The descent was prefaced by disclosure of the detail in the happenings since the arrival of Phoenix. Dravekk painfully scribbled a barely legible comment. ‘Three million years produces more than enough opportunity for self-deceit. Having declined that temptation ourselves we often find it to be emotionally difficult to expose others to over-rigorous judgement. We introduce kindness into the equation and present the most acceptable components of the overall truth. You have just confirmed this by what you have now ‘confessed’. I am sure this was done to avoid disappointing us so far into the pilgrimage.’

  Yamamoto was sure he could detect a smile through the twisted facial features. He reflected the sentiment and thought, ‘I think I’m going to like this individual’.

  The inspection of the accommodation was the catalyst to fire up the lachrymatory glands. The emotion was apparently so powerful because this journey had been much more demanding for the Epsilon clan than the others. Their perception of adequate space was significantly different, courtesy of their mutation. They were overcome and overjoyed to claim their residence.

  The only real sour note to emerge during this first encounter was the explanation of the memorial at the centre of Renewal. The space designated for their version of a phoenix to complete the triangle was met with a wellspring of pride. The further revelation of the pyramid of spheres and the assisted suicide left them in deep shock. They could have buckled in the same way after the mutation they suffered in Epsilon Eridani, but their presence on Nexus showed that they did the opposite. That was why the definition of the suggested phoenix meant so much to them. The additional detail that the assistance for suicide was volunteered by the Gliese, produced only furtive glances between the Epsilons, but the implied disapproval was transparently betrayed by dark colour display. They moved on quickly to see the food production and other infrastructure projects. The Indys were proud to present their relic and relate the story of Species 1101. The Liberty pact was explained in detail and the whole relationship with the Progenitors was too much for them to take in right now. They responded enthusiastically to Pascal 2 suggesting he could fix their voice apparatus quite simply. He would in time tempt them with further corrective surgery.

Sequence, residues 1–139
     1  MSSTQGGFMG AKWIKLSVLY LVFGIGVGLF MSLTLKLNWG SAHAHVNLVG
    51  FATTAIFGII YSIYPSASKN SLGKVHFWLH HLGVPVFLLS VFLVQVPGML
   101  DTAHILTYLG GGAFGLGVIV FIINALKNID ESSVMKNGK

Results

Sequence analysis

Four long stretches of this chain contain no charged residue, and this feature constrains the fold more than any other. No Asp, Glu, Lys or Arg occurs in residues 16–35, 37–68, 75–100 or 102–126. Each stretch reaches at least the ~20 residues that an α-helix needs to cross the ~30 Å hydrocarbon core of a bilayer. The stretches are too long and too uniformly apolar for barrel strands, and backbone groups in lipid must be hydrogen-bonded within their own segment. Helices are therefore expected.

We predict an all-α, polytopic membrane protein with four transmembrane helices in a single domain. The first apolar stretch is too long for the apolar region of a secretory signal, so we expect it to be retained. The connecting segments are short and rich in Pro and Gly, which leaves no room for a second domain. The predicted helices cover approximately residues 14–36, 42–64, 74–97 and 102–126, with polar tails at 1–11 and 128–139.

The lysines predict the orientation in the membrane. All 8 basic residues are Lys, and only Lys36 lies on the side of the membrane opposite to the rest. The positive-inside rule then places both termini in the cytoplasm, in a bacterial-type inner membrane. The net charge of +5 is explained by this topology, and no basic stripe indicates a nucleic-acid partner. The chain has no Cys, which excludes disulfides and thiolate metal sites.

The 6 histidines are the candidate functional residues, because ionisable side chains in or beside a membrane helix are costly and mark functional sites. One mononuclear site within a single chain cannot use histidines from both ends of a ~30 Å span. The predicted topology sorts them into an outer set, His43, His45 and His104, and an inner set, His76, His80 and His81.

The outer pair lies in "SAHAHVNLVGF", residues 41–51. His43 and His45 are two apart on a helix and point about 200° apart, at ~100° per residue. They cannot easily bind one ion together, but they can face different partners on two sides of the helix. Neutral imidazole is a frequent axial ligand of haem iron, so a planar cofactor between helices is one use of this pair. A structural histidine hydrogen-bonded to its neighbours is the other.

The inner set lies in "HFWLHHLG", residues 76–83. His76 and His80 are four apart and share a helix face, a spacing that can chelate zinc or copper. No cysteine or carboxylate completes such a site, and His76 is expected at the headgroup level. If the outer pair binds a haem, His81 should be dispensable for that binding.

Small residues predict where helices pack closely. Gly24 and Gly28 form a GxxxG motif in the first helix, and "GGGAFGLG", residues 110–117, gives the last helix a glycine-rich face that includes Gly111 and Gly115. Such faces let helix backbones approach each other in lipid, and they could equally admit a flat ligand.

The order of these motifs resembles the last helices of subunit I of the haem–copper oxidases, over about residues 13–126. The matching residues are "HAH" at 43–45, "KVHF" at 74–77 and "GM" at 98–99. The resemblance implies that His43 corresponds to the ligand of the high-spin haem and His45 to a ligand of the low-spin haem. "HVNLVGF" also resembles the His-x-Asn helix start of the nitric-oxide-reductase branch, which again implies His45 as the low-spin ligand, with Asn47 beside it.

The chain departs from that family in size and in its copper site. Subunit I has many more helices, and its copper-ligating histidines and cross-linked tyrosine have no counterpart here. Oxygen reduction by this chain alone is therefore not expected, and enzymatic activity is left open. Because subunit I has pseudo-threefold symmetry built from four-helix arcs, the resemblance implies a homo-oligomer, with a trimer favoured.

The mass descent with their belongings was scheduled for the following day, and provided perfect cover for Korvakk’s plan to occupy their own vessel. By being part of the activity along with Europans and Indys, they reminded everyone that they wanted to re-inspect the Phoenix hermetically sealed units with their engineers and then make a blueprint for transferring the concept to their vessel. They were given access to their own ascent module to avoid impacting the ‘removal crews’. With no Symbiants involved and the more suspicious minded Indys on the surface, permission was nominally given by Fernando. He was preoccupied with getting the new arrivals settled as quickly as possible.

  The resumption in discussion between Red and Fernando attracted interest from Rene and Yamamoto. It was not only black holes themselves he wanted to discuss but their relationship in the wider cosmic context. He had known of Fernando’s conversation with Yamamoto some time ago and wanted to bring new perspective to his ideas. This was partly due to data from the brown dwarf and the new facilitation from there, as a result of squeezing through the second test. He prefaced the discussion by referring back to the species designations of 0001, 0101, 0011 and 1101. “These are the only ones we currently know of, but even though the reference system itself only allows for a finite number and despite its flexibility to extend the system itself, we must realise that there have been literally millions of interactions with species which did not make the grade. These types are recorded in a separate archive and have transient reference codes to reflect their promise and subsequent failure. Only the ones who graduate are ascribed the permanent code. This can be for ability and/or stability. Intellectual progress is not the sole arbiter of promise.”

  They looked confused, but he pressed on. “Your musings about what happens at the event horizon are interesting. Referring to the Milky Way galaxy itself, it is known that at some tim